Being a pigeon-breasted shape, center front is quite full and hangs approximately 1.5" over the center front waistband (See image 3 above). Center front is cut in one piece and is on straight grain. The fullness is controlled over the breasts with 1/8" pin tucks/shirring, coming from the armholes and dipping at center front.  A v-shaped insertion has been placed at center front consisting of continuous 1/8" tucks and appears to have been part of the original garment (See image 4 above). However, the velvet ribbon bordering it has not aged as the velvet at the waistband or sleeve cuffs have, and I suspect that it was added when the other trim was. The side seams are placed in the same area as the inner bodice - and the front is hand stitched over the back piece at the side seam, the seam then being lost in the fullness of the shirring at the front. The back chiffon piece is not as full as the front, and is nearly flat under the arm and approaching the side seam. As with the inner bodice, the back is unnaturally high, the bottom of the waistband at center back is approximately 1" above the natural waistline, and the top of the waistband is at the natural waistline at center front. The neck is a closely fitted, 1.75" stand collar, also in continuous 1/8" chiffon tucks. It is finished with a 2" wide black lace, however only 1/2" of the lace is seen from the right side of the collar.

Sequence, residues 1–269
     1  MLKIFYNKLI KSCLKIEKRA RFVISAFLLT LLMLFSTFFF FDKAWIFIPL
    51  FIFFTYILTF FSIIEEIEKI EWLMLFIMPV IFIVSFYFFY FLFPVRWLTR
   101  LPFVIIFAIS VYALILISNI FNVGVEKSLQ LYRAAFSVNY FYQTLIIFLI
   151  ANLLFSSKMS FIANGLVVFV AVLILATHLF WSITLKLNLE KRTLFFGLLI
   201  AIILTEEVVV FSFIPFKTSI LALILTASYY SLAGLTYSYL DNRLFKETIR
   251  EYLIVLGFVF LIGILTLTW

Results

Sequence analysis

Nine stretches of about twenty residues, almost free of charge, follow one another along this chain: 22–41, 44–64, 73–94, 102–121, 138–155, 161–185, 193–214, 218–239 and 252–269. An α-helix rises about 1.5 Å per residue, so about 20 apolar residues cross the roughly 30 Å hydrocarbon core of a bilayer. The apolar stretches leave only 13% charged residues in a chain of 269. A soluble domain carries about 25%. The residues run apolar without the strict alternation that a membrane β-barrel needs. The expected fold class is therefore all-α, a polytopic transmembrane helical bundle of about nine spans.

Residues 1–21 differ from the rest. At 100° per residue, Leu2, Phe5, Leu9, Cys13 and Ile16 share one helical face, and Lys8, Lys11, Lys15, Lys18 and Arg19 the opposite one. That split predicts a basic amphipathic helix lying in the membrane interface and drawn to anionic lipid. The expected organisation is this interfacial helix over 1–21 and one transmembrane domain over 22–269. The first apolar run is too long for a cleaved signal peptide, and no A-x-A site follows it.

The sleeve is by far the most decorative part of this bodice. After looking through research books, I have approximated the shape of the inner sleeve and drafted it in accordance with the measurements of the garment. The outer sleeve is a beautiful black silk georgette. Eight rows of 1/8" pin tucked-shirring control the fullness at the cap. While there is no height in the cap there is a great deal of fullness in the top of the outer chiffon sleeve. The top of the sleeve is in two pieces, with the front of the sleeve having both seams on straight grain and being nearly 30 inches in width. The back part of the sleeve is not nearly as wide and the tucks in the top of the underarm have been taken but no excess width has been shirred into them. Four flat tucks control the fullness at the elbow in the front of the sleeve, and one row of shirring controls the bottom of the top sleeve, which is quite voluminous. This row of shirring laps onto the fitted bottom of the sleeve, which also has 9 1/8" flat tucks 1.5" from the tuck that attaches it to the upper sleeve, and then 2.5" to the bottom. The cuff is finished with a 7/8" velvet ribbon and the same lace that can be seen at the collar.


The outside condition of the garment is fair. The outer bodice, made from black georgette is becoming brittle and has one tear vertically along the left side of the bust. As with most vintage garments there is significant discoloring under the arms. The outer sleeves are in remarkably good shape although the inner sleeve is not.  It was most likely at one point china silk, but has been patched numerous times with a variety of fabrics and has deteriorated to shreds. The inside of the garment is quickly deteriorating. The china silk was long ago patched with a black cotton fabric, although not symmetrically.

Due to the extremely fragile nature of the inner bodice, pins were carefully placed and measurements were taken and transferred to a grid to develop an approximate pattern. The intake of the vertical dart off of center front was determined once an initial pattern had been developed, enlarged, and then draped on a corresponding form.

© Sara Ausberger Stockton, 2004